President Obama is not the leader who has brought LGBTQIA equality to this point. The leader who did that is us. I hope that in the months to come when we consider our demands and what we are trying to achieve and what is holding us back we will remember all these facts.

I would love more than anything to be proven wrong about what I'm about to say, but I doubt much else is going to happen on LGBTQIA rights before the election. That's why I say I'll believe Barack Obama really supports marriage equality when I can get a divorce. We'll see if Obama's statement has any effect on things like his administration's rampant deportation of foreign people from binational LGBQ couples. Which one satisfies you more: ABC channel interviews, or executive orders...?

Tuesday, January 10, 2012

On Radical Feminism and Transgender Identity

Some radical feminists have issues with transgender people. That's not news to me - I've seen it in Internet Feminist Arguments for years. But I'm finally fed up with this shit enough to write about my coalescing thoughts surrounding it. As someone who probably identifies more closely with radical feminism than with any other kind of feminism I feel I must speak out against this problematic view. Many radfems get it, but there are so many who still don't, and I don't understand the clamor for willful ignorance in any form from people who cry for gender change in society.

Here are some of my qualms with transphobic feminists:

1. It seems like transphobic feminists don't actually know what transgender means. FFS, look it up. "Transgender" is an umbrella term that encompasses many identities. It isn't just a code word for MTF transsexuals. If someone insists on using a false definition of what transgender means I don't think it's worth further engagement with them on the topic until they establish understanding of the basic meaning of the word we are actually discussing. I'm personally not going to waste my time reading your anti-trans treatise if you demonstrate in the first sentence or two that you don't understand the meaning of "transgender."

2. One of the most fundamental roots of homophobia, biphobia and transphobia is misogyny.

3. The fight against the patriarchy's tyrannical gender binary and gender dominance/submission paradigm necessarily involves anyone who wants to challenge those gender roles. This group of activists includes feminists, LGBQ people, trans* people, intersex people, asexuals, and our allies as well as others. The answer to the question from LGBQ people on why the T belongs in our acronym has the same answer.

4. It is an anthropological and historical fact that many cultures have a gender that falls outside of today's Western/American view of the gender binary. Cultures that have three (or more) genders are usually quite accepting of the "alternate" gender(s) because these gender(s) are actually encoded within their cultural rules. Therefore, to say transgender identity falls outside of history and has no context within societies is ethnocentric and factually incorrect.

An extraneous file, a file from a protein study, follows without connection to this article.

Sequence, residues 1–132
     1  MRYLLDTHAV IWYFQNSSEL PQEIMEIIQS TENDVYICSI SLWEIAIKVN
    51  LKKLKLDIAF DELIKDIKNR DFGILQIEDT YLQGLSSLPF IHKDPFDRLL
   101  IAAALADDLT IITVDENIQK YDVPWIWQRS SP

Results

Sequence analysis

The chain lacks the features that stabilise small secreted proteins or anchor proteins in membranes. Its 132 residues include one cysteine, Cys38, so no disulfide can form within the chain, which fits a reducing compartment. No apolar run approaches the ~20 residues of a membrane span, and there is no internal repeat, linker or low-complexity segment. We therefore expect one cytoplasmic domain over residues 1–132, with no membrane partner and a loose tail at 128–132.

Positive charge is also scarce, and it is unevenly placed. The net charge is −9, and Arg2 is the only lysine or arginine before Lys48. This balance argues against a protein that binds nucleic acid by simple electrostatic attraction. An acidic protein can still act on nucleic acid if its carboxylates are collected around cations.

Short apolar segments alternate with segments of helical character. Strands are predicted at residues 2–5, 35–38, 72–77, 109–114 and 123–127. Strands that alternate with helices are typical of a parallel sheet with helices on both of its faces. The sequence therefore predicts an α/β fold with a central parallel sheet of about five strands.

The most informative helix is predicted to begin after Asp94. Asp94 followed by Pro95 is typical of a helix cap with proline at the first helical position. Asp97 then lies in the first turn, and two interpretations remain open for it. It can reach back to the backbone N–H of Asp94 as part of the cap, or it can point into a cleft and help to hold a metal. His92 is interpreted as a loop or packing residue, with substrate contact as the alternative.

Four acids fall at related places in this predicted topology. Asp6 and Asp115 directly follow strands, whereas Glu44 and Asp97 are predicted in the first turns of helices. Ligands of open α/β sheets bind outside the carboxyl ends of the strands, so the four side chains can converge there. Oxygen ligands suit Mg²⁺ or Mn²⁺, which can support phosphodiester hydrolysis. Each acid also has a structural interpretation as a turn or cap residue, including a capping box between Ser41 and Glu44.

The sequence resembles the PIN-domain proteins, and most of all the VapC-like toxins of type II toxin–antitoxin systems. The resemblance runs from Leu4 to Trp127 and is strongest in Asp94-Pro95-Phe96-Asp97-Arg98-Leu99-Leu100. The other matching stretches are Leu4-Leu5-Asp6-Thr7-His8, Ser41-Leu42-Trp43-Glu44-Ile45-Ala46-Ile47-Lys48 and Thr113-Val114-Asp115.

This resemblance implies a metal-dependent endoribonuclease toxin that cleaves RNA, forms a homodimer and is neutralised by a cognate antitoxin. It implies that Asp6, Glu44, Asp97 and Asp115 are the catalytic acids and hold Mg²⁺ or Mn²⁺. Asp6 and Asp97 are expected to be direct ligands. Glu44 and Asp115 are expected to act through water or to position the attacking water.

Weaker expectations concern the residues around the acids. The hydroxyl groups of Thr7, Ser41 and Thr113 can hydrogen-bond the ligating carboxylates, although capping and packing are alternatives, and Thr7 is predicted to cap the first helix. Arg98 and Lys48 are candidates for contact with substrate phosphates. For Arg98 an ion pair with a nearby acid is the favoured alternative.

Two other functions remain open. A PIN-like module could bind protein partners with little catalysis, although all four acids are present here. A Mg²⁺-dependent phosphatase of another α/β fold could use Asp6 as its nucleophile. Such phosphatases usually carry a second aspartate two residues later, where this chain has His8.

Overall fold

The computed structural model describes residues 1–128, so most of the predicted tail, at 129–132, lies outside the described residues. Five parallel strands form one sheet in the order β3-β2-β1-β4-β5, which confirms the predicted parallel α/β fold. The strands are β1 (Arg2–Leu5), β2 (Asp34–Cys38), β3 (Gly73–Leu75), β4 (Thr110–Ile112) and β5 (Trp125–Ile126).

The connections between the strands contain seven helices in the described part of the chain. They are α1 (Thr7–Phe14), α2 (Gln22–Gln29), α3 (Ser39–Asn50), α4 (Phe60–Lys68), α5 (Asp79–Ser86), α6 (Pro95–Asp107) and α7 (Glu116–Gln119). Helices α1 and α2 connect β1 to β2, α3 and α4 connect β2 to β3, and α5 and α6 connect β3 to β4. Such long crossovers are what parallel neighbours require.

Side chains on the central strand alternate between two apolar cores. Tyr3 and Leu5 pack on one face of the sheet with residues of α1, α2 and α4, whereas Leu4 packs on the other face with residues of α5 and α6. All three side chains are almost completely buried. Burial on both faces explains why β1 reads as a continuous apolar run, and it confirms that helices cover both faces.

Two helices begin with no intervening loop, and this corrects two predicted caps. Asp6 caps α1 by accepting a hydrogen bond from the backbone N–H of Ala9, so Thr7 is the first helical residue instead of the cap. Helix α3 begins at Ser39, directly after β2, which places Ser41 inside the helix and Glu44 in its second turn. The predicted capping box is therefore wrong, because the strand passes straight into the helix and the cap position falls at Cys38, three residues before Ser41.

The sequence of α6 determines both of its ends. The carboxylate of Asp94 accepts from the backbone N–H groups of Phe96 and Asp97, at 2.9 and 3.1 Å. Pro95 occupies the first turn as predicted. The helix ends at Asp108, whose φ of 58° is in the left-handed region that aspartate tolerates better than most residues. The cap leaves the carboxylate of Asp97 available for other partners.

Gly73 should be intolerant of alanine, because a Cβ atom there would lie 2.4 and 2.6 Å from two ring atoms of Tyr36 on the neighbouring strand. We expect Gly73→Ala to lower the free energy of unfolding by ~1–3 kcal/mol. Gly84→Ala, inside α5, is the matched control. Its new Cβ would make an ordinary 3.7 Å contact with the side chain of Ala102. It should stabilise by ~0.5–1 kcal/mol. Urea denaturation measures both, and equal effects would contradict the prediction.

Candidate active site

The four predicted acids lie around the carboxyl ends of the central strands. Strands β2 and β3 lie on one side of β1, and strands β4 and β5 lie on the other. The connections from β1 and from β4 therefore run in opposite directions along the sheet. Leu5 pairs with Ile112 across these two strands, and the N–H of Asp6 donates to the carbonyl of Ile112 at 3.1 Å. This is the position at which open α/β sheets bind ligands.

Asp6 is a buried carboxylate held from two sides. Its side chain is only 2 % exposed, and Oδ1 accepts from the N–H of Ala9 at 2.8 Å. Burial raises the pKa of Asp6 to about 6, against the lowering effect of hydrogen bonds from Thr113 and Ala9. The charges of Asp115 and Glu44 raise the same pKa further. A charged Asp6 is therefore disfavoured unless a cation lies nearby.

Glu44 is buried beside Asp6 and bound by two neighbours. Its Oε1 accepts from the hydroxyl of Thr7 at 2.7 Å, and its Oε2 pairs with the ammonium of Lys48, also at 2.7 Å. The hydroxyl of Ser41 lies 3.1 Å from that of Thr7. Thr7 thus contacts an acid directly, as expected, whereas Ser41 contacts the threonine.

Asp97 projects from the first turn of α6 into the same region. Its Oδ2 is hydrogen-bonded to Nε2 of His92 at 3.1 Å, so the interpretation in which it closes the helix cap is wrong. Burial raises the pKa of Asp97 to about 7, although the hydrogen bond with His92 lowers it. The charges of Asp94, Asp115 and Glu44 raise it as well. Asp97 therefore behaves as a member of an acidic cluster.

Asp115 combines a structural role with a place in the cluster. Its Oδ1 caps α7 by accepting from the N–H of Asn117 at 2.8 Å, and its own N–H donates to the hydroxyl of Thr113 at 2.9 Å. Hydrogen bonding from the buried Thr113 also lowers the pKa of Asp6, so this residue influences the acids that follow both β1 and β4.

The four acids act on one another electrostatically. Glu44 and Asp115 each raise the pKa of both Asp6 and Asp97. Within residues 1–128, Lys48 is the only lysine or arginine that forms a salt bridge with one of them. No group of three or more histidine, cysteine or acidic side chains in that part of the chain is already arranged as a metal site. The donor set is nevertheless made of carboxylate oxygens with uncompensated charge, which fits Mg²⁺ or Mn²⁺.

5. Feminists frequently ask men to stfu and listen to women when women tell men something is sexist. In this vein, feminists who aren't transgender need to stfu and listen to trans* people when we tell you something is transphobic.

6. Although the burden of education regarding the issues oppressed people face frequently falls to those same oppressed people, it is our right as the oppressed to refuse teaching you "(oppressed group) 101" at any time if we're fucking tired of explaining shit. If as a feminist you don't believe it is necessarily always your duty to explain feminism 101 to people, stop demanding that transgender folks have to explain transgender 101 to you. Look it up on the internet. If you are educated enough to know how to use blogs or blog comments I know y'all know how to use the internet to look stuff up.

7. I really don't understand what feminism has to gain when feminists insist on creating a world outside of gender oppression and then demand of transgender folks that they recognize the essential nature of female gender. To me that's like saying, "We want to challenge the gender binary, so we're going to reinforce the gender binary against people who fall outside the gender binary in order to erase the gender binary." It's logically inconsistent thinking.

8. The idea of any sort of monolithic right-way-to-do feminism stands in contrast to feminist progress because it excludes certain feminists. While discourse is necessary in order to build a more successful movement, and while we all need to recognize our own internalized sexism, there is never a need to perpetuate hate speech against a section of society that faces extreme discrimination based on gender. If we want to create a movement that will accomplish further change we must examine our own prejudices and the stereotypes we hold. Many transgender people are active feminists even while frequently remaining excluded from feminist causes due to binary language (e.g., language about issues that affect all people assigned female at birth but only uses the term "women" to describe that group). All the infighting between feminists who identify as women and feminists who don't only serves to divide us. Name calling and insistence on ignorance are forms of horizontal hostility and do nothing to further our cause.